The next day, my mother and her siblings worked to clean out Grandma's apartment and fairly divide her valuable and sentimental belongings. I was tasked with going through Grandma's desk and files. A doer to the end, Grandma had print-outs and instructions on new embroidery patterns, family history research strategies, speaking Spanish, and launching a new business. I found thank-you notes from friends, love notes from Grandpa, and dozens of cards from her children, grandchildren, and great-grandchildren. I went through files of notes, journal entries, church talks, and half-written poems from the last 60 years.
One of my favorite gems was this:
A slip of onionskin paper on which someone typed this little poem. Grandma apparently felt it worth keeping for many years.
Because here's the truth: Grandma's life was not a bed of roses. Her marriage began with a husband at war. Her oldest daughter fell seriously ill. Her infant daughter died after just three hours of life, more because of an administrative snafu than real medical need, and misguided hospital staff never allowed Grandma or Grandpa to ever see that baby. Then Grandma herself fell ill. Doctors said she may never walk again, and for years her children had to do for each other what their mother couldn't. Her oldest son went through a challenging period of rebellion.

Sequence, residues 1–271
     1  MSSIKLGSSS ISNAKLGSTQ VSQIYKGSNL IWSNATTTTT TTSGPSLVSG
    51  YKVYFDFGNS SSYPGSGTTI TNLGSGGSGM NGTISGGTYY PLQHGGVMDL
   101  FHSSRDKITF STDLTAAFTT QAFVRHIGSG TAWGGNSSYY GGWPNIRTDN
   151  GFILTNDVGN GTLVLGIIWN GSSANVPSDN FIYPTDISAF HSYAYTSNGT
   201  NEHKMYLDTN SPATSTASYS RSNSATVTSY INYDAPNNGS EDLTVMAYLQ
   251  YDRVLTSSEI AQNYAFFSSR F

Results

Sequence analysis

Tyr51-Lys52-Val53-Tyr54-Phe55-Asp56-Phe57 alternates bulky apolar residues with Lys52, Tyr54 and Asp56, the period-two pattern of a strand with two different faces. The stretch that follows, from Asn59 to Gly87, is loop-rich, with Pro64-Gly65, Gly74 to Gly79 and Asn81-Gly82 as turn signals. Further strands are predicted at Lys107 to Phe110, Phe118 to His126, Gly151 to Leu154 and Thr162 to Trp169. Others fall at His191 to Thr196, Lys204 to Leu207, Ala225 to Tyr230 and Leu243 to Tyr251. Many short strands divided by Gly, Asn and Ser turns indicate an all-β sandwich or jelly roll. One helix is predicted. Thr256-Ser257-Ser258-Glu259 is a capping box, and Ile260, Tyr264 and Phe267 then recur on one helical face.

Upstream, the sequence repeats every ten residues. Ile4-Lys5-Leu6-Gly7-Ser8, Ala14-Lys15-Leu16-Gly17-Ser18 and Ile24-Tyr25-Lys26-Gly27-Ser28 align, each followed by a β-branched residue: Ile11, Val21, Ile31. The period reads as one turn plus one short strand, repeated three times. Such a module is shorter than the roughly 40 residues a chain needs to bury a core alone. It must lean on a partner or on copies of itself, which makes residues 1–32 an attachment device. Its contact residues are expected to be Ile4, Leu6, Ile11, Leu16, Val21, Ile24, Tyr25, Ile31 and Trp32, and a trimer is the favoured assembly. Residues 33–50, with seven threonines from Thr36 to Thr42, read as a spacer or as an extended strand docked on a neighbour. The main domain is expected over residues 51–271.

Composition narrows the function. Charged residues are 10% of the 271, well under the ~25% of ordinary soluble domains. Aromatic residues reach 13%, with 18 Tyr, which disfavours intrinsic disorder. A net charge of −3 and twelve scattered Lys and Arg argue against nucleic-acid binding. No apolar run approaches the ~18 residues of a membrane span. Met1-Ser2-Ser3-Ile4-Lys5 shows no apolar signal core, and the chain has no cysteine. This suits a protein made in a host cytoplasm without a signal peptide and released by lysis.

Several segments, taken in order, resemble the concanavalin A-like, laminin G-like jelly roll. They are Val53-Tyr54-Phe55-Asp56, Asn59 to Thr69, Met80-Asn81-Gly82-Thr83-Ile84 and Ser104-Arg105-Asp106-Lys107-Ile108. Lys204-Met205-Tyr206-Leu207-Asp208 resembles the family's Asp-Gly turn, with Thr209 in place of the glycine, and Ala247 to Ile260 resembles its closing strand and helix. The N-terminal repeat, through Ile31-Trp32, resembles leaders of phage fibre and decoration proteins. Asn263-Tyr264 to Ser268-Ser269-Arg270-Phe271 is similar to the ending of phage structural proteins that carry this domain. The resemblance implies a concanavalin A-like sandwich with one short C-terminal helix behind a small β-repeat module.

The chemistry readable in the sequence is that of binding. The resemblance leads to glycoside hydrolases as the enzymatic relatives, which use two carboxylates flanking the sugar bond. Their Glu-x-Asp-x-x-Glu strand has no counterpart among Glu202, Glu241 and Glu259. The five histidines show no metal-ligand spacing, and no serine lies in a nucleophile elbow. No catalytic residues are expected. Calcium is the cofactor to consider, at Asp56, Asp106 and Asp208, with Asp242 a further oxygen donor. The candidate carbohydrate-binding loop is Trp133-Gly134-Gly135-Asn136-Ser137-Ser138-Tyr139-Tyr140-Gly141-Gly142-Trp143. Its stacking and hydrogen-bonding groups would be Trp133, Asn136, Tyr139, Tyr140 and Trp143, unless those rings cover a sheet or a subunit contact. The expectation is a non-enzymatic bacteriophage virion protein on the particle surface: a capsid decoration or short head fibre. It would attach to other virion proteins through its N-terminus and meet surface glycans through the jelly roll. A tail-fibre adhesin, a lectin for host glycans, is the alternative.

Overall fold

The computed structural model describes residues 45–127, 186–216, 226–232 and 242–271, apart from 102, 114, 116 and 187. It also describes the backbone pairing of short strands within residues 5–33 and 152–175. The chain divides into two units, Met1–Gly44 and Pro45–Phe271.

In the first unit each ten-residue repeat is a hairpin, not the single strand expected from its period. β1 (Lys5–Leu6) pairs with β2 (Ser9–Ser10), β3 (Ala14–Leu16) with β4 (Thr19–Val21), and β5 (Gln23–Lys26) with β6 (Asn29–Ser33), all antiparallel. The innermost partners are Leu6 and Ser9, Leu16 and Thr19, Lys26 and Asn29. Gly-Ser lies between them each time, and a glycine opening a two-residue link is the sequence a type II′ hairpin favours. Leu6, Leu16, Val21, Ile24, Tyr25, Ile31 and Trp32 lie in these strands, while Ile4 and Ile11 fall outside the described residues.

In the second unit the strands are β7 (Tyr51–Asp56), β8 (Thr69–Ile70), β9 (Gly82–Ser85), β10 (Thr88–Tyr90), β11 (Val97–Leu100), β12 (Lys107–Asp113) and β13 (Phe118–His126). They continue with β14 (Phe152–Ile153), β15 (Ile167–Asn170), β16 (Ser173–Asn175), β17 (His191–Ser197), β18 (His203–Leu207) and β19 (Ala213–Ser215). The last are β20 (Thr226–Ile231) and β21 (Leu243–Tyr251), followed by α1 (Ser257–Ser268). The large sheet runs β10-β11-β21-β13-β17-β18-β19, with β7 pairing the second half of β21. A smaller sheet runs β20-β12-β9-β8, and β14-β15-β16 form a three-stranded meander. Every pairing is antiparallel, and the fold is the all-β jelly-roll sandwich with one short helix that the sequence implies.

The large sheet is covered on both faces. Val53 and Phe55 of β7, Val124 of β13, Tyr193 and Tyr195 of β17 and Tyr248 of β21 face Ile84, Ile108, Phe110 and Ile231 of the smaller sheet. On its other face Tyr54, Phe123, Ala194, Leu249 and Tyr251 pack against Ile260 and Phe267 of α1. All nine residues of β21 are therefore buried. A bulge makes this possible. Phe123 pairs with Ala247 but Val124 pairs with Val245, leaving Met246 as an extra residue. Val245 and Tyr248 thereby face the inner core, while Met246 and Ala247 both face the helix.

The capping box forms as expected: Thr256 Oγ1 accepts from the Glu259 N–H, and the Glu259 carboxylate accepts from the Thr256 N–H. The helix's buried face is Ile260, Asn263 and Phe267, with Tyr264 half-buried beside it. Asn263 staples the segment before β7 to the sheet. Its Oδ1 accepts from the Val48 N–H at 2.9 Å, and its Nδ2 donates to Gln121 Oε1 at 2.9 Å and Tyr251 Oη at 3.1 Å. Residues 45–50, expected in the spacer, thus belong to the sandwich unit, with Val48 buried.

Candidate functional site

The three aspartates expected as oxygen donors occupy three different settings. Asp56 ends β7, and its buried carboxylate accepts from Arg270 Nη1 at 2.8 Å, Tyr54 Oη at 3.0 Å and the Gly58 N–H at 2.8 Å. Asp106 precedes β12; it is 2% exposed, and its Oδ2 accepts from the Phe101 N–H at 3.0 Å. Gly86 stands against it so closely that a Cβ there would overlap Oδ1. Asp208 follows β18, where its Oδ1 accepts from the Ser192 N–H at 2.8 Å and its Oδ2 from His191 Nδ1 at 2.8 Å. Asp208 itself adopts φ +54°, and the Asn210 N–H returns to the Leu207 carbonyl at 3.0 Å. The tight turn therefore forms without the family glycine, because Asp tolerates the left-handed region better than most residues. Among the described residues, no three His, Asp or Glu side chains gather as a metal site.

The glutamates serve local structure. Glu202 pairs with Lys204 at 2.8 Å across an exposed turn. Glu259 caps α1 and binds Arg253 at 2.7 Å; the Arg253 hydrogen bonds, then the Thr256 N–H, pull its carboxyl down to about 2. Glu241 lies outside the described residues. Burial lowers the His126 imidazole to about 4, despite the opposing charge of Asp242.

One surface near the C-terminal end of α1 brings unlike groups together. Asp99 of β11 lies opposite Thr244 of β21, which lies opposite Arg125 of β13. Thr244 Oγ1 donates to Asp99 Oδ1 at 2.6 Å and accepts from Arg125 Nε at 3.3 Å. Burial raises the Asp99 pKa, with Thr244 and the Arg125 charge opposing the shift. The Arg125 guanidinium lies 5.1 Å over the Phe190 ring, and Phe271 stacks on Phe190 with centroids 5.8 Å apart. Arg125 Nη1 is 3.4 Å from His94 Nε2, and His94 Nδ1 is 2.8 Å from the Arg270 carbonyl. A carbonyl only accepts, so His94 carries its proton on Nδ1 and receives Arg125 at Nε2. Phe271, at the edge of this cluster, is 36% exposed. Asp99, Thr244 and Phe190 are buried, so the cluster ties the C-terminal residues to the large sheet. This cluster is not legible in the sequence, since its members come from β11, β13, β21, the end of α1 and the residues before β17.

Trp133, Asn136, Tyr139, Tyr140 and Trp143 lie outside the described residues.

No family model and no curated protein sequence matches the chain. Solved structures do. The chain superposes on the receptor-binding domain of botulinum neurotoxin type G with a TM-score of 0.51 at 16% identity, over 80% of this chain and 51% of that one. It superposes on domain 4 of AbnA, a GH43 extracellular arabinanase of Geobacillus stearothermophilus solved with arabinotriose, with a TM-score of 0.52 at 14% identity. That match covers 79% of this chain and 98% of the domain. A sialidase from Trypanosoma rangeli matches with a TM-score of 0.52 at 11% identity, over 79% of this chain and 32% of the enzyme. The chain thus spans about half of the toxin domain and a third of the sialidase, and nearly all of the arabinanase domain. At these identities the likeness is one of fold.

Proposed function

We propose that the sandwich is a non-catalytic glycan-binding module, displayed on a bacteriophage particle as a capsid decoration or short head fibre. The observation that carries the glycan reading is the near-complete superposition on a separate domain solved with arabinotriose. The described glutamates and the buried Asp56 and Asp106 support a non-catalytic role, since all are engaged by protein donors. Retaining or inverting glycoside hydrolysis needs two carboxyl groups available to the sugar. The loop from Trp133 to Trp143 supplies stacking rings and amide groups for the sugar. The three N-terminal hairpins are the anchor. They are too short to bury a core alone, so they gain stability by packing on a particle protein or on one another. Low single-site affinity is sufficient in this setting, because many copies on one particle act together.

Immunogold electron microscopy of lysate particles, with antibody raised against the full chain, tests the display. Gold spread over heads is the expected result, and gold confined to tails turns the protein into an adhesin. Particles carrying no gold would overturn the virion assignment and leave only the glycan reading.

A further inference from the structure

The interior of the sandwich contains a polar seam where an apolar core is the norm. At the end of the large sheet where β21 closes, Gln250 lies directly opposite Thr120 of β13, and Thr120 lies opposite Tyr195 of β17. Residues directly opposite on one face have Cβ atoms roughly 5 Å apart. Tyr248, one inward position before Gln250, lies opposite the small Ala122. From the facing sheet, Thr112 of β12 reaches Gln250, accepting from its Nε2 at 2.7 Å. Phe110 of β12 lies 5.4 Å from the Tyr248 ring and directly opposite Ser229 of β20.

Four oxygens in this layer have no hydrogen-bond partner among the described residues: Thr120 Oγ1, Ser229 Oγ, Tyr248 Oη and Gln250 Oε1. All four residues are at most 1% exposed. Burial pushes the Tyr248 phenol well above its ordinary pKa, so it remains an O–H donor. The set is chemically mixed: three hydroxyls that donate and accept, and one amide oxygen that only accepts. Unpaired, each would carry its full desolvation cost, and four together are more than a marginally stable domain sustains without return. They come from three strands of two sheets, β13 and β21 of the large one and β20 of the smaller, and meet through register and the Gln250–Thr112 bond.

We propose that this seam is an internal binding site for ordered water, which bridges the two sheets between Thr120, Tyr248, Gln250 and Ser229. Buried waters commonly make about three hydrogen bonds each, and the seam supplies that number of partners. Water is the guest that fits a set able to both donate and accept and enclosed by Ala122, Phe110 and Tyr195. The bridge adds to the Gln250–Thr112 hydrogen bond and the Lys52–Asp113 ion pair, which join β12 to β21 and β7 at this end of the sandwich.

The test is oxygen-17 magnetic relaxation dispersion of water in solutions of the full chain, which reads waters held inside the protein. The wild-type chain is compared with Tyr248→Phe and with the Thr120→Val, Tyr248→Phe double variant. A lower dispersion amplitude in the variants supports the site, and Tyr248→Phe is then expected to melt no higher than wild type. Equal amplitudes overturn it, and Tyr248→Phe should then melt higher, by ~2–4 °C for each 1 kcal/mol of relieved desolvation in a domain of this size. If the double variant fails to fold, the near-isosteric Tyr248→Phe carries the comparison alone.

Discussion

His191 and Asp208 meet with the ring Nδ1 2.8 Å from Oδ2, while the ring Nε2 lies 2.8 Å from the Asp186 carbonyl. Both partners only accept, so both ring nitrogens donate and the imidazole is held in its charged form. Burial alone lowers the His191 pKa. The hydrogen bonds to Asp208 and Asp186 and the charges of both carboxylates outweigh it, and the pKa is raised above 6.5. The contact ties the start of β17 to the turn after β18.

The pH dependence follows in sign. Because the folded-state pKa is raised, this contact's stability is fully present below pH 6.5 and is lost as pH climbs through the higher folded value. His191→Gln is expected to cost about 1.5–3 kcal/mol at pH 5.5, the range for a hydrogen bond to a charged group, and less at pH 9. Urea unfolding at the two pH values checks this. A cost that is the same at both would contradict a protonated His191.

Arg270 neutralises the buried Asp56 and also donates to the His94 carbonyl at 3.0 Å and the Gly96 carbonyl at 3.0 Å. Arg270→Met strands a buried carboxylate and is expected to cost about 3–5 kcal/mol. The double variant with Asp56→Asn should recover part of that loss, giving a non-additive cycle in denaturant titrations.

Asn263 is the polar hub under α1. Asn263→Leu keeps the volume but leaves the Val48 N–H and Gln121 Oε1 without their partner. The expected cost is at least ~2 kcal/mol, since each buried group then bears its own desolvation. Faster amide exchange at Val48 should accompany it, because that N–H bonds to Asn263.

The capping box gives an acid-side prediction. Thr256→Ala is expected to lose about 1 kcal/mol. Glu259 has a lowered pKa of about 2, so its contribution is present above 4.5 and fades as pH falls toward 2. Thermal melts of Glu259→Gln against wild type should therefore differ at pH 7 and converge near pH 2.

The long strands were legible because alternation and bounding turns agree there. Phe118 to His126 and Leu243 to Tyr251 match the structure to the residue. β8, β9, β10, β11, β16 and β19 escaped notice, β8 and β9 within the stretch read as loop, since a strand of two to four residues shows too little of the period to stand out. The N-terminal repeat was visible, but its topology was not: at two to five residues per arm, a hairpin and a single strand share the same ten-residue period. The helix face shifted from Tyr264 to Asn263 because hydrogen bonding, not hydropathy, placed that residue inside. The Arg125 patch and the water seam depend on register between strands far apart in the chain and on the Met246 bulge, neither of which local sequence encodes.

This was the family's state when the missionaries first knocked on her door. She followed the gospel not with a naive belief that it would make life perfect, but with first-hand knowledge of the illness, disappointment, and grief of mortal life--all of which can be truly mediated only through knowledge of Jesus Christ, and the rest, light, and grace he offers.
Grandma's funeral program included this scripture:
Come unto me,
all ye that labour and are heavy laden,
and I will give you rest.
Take my yoke upon you,
and learn of me...
and ye shall find rest unto your souls.
For my yoke is easy, and my burden is light.